More Post-SIIM 2013 Annual Meeting Reflections

For years, I have heard providers lament at the slowing (dormant?) pace of innovation in PACS and RIS from established vendors.

Why might this be happening?

It could be that the current architectures have reached their limits. It could be that, with the saturation of PACS in mature markets, vendors are reducing R&D investment in this area. It could be that they can’t sustain the talent needed to innovate, losing creative and skilled people to more interesting/promising areas of IT. It could be innovation-suppressing regulatory burdens. Or the shift of spending to support staff in order to sustain the now sprawling installed base.

Regardless of the root cause(s), I see the emergence of interest in start-ups (such as those in the SIIM Innovator Alley) and open source projects (as seen by the steady traffic at the SIIM Open Source Plug Fest) that attempt to solve problems that the larger vendors appear not to be interested in solving. It seems providers are starting to accept that they are not going to get everything they need from their incumbent PACS vendor in today’s EMR-enabled, Cloud-hosted, analytics-driven, enterprise-accessible market.

Of course, the challenge of the start-up is breaking into the provider’s enterprise where the incumbent vendor may put up some resistance (overtly or passively). And open source is only as good as the staff (or paid service provider) you have installing, integrating and supporting it.

The informatics skills and knowledge provided by SIIM are more important than ever. If SIIM is to continue to lead in providing its members the knowledge and skills they need to survive and succeed, it will likely have to adapt how it organizes the materials to align with new and evolving learning goals. It also needs to adapt the medium by which its members learn, providing focused, on-line options where travel policies and budgets mean attending the annual meeting is not feasible.

I believe in the SIIM strategic plan and am wholly committed to helping the society that has helped me so much over the years thrive.

3 thoughts on “More Post-SIIM 2013 Annual Meeting Reflections

  1. Don,

    I believe you are right with your statements. I believe that IT means flexibility and open source is prove of it. However – don’t you think that using open source in medical world (I mean open source HE IT solutions) are shifting clinical/medical risks from vendors to end-users? What about bug potential and its “removal”…for PACS,EMR&EHR etc. it is quite risky…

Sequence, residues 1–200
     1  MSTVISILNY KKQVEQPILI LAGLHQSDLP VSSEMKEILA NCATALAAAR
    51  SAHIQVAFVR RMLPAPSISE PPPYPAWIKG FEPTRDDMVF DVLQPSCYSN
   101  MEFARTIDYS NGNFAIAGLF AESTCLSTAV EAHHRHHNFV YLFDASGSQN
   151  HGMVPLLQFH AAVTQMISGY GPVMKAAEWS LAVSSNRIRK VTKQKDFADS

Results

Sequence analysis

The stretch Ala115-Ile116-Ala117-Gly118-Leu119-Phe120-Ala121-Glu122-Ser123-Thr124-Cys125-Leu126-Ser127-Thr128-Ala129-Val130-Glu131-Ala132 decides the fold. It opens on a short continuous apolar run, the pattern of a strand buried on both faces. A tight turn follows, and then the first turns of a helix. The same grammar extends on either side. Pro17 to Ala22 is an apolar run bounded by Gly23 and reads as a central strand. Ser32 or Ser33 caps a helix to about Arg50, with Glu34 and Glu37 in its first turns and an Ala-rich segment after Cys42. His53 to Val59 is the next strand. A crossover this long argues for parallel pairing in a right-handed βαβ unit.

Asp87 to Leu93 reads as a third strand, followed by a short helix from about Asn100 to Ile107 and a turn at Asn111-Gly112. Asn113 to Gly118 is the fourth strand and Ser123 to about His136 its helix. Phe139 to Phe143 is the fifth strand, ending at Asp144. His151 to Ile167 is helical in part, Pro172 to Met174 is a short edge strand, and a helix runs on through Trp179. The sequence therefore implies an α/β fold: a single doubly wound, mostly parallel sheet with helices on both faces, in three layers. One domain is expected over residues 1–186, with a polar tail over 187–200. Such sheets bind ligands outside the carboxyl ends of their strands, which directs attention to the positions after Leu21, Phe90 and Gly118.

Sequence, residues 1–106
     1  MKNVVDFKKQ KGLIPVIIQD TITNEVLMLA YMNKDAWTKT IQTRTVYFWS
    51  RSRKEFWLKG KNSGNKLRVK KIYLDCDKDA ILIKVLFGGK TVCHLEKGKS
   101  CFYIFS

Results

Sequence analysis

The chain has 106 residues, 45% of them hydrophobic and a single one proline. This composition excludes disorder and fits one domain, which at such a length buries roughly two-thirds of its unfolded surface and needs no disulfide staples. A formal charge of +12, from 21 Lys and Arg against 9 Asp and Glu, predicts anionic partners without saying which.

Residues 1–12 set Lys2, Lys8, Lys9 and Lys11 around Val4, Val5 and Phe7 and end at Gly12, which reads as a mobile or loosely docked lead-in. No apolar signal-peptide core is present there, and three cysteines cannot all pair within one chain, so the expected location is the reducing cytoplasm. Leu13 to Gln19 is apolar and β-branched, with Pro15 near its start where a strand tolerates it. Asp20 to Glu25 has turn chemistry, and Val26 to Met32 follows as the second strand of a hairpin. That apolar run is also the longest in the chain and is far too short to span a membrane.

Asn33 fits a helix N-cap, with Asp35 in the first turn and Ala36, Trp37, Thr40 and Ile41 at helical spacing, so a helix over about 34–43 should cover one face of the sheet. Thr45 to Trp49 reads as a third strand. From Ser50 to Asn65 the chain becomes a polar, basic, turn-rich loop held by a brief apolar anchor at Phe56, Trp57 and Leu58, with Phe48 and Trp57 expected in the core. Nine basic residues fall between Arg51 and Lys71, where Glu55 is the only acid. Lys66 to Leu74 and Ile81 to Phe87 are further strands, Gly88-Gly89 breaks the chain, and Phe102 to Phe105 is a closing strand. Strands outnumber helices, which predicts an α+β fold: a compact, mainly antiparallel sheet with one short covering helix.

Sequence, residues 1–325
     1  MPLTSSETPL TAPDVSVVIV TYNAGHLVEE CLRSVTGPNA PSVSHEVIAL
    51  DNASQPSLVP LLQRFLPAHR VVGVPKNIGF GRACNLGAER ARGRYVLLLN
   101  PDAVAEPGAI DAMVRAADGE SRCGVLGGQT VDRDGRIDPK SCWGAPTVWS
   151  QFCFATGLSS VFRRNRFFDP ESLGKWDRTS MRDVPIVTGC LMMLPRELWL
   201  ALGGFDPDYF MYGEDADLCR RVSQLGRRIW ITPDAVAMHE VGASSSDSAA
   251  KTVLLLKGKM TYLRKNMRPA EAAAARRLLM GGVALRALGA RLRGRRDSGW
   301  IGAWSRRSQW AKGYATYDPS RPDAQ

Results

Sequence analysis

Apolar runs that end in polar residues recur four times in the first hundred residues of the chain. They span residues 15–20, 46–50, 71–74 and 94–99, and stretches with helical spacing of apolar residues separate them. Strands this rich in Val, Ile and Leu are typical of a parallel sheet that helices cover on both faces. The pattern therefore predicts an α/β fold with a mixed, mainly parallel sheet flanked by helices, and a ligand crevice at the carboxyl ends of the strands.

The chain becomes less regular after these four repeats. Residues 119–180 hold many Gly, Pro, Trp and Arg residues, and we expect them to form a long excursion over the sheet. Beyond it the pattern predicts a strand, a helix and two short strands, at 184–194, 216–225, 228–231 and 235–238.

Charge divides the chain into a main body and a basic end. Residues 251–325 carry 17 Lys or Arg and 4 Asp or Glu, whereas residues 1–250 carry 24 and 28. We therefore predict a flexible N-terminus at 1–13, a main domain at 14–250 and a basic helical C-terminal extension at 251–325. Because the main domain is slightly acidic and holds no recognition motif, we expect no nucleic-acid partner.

Regards, Tomasz

  2. Hi Tomasz,

    You raise an important point. Regardless of whether a solution is open source or a proprietary, commercial solution, someone needs to stand behind it.

    Code without someone that knows how to support it, extend it, adapt it (to handle inevitable platform, environment and data changes) is at risk, no matter how high the quality of the design/implementation.

    An application without someone that knows how to troubleshoot it, configure it, upgrade it, interface with it and train users on it, will not be effective.

    So, the question is whether a provider can develop and retain staff that can keep a system based on open source software operating effectively, or if they will need to depend on qualified staff from a vendor. The answer for each provider depends on the decision maker’s confidence/desire to provide IT services, or stick to healthcare services.

    I will say that the advantage of outsourcing the IT services to a vendor is that if they fail to perform, the provider can opt to not pay the the vendor. Dealing with ineffective IT services provided by full-time employees can be more difficult to resolve, depending on the employment rules in the provider’s jurisdiction.

    I will also say that, in my opinion, IT services provided by the vendor are not guaranteed to be of higher quality than those by qualified provider IT staff. I have seen users of products know much more about a product than the vendor staff assigned to support the provider’s system (which is depressing for both parties, I am sure).

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